China transition welcome but poses risks: Bank of Canada
By Julie Gordon
VANCOUVER (Reuters) - China's transition to a more sustainable pace of growth is welcome, but it will take time and could be marked by periods of economic and financial volatility, a top Bank of Canada official said on Tuesday.
A shock emanating from China would likely have a relatively small impact on Canada's economy, said Senior Deputy Governor Carolyn Wilkins. While Canada would mainly be affected through lower commodity prices and trade, the country's banks have little direct exposure to China, the world's second-largest economy.
"The slowing of China's growth to a more sustainable pace is not only inevitable, it's also desirable," Wilkins said in remarks detailing China's challenge of shifting from an export-driven economy to one supported by domestic consumption.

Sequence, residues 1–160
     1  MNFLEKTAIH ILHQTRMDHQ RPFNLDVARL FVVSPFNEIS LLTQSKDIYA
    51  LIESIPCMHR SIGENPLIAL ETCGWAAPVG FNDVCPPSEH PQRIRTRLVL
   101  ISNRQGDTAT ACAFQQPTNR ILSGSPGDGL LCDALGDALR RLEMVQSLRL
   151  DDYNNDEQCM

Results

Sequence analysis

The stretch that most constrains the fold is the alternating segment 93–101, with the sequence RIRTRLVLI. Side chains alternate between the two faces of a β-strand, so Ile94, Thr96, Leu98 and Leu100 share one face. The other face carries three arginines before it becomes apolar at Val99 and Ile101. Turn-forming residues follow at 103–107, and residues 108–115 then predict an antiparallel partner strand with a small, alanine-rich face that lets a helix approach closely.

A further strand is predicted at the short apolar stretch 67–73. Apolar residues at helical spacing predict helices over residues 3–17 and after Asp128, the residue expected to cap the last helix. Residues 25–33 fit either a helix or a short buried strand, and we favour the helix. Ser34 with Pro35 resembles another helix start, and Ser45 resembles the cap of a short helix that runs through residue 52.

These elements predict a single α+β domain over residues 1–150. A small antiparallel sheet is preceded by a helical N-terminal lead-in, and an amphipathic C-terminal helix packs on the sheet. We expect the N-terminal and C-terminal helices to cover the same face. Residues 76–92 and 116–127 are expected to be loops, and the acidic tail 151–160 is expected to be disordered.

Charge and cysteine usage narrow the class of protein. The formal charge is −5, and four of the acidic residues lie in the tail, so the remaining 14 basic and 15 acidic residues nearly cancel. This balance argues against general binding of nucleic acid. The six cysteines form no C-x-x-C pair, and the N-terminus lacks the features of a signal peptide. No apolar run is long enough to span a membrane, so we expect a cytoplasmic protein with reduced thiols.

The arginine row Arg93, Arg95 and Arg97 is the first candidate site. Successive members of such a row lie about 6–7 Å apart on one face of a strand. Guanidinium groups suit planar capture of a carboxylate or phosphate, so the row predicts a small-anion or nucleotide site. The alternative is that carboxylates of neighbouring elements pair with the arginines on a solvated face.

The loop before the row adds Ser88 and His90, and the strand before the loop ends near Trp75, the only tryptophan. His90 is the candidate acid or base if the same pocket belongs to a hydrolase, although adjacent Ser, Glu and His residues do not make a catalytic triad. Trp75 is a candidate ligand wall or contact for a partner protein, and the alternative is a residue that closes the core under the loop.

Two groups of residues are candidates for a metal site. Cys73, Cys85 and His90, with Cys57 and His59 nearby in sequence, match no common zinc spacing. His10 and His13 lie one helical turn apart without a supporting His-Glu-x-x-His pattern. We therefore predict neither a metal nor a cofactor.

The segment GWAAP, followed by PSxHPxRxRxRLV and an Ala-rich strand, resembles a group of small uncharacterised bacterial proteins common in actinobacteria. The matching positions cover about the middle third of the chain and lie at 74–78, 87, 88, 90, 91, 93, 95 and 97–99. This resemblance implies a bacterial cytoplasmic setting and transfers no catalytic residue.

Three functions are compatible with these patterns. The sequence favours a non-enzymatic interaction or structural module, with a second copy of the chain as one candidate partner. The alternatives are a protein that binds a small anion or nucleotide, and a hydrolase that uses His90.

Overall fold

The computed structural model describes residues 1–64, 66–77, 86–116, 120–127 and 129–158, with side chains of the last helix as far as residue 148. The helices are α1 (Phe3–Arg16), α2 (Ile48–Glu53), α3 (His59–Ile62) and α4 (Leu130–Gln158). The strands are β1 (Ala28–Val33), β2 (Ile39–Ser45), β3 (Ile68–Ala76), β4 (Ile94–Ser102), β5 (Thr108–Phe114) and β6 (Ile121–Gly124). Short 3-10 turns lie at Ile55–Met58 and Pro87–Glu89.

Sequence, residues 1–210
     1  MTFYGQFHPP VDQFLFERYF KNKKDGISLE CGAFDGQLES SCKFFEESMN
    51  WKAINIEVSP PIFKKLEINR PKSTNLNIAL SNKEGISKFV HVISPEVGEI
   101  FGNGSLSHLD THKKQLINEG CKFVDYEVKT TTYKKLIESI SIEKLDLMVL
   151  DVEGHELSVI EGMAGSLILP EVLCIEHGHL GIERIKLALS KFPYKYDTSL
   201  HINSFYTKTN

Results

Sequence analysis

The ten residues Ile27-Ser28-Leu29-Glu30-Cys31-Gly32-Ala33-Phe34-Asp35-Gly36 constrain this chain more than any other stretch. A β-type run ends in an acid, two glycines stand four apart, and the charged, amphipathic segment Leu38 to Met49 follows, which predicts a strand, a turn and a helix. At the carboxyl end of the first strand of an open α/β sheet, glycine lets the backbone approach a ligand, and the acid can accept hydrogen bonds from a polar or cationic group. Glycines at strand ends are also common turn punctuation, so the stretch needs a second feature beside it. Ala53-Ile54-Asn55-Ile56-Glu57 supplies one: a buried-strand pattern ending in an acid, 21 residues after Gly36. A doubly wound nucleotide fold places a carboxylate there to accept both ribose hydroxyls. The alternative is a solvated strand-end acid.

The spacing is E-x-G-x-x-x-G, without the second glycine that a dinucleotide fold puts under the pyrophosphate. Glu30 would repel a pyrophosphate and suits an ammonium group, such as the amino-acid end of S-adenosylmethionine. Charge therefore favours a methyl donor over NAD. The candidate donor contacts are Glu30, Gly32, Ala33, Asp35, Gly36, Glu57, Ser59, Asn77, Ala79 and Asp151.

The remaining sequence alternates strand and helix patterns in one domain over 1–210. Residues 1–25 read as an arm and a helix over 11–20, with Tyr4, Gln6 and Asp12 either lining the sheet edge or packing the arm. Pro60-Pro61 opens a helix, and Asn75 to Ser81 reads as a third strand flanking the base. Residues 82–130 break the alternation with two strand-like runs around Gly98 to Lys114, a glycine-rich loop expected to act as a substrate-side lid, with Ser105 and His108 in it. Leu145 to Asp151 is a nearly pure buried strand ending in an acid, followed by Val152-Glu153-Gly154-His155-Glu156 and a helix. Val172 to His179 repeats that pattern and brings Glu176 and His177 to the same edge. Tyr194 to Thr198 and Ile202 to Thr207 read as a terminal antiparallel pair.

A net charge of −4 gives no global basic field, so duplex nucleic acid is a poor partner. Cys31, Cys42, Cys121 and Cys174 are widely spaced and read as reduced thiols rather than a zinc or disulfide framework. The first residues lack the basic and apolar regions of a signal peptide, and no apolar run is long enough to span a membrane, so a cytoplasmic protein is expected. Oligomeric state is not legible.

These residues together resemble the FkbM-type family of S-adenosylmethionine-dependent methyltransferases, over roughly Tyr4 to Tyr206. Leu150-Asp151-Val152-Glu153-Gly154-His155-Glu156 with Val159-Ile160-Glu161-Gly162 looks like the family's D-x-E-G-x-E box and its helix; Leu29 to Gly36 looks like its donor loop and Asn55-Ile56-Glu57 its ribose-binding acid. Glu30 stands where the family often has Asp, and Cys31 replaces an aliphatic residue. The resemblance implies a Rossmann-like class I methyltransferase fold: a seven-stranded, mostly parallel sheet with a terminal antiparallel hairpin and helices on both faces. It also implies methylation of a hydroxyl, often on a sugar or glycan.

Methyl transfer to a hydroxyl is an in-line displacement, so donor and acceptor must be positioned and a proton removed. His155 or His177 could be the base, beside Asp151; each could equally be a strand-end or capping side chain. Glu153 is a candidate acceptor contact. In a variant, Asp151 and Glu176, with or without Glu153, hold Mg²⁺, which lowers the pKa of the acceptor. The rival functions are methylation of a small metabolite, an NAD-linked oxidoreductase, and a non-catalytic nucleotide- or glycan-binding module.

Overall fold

"The economic strategy that the Chinese have pursued over the last 15 years cannot continue indefinitely."
Overall, Canada is well positioned to manage the risks China's transition poses, she said.
Wilkins' remarks were the last scheduled by a central bank official ahead of next week's interest rate decision. The bank is expected to keep rates where they are and update its economic forecasts to include government spending measures. BOCWATCH
A simulation done by Bank of Canada researchers found that if economic growth in China were one percentage point lower than the bank expected, that would result in Canadian growth being 0.1 percentage point lower than otherwise, Wilkins said.
If a similar shock were to happen in the United States, Canada's largest trading partner, the effect on the Canadian economy would be six times greater. Continued...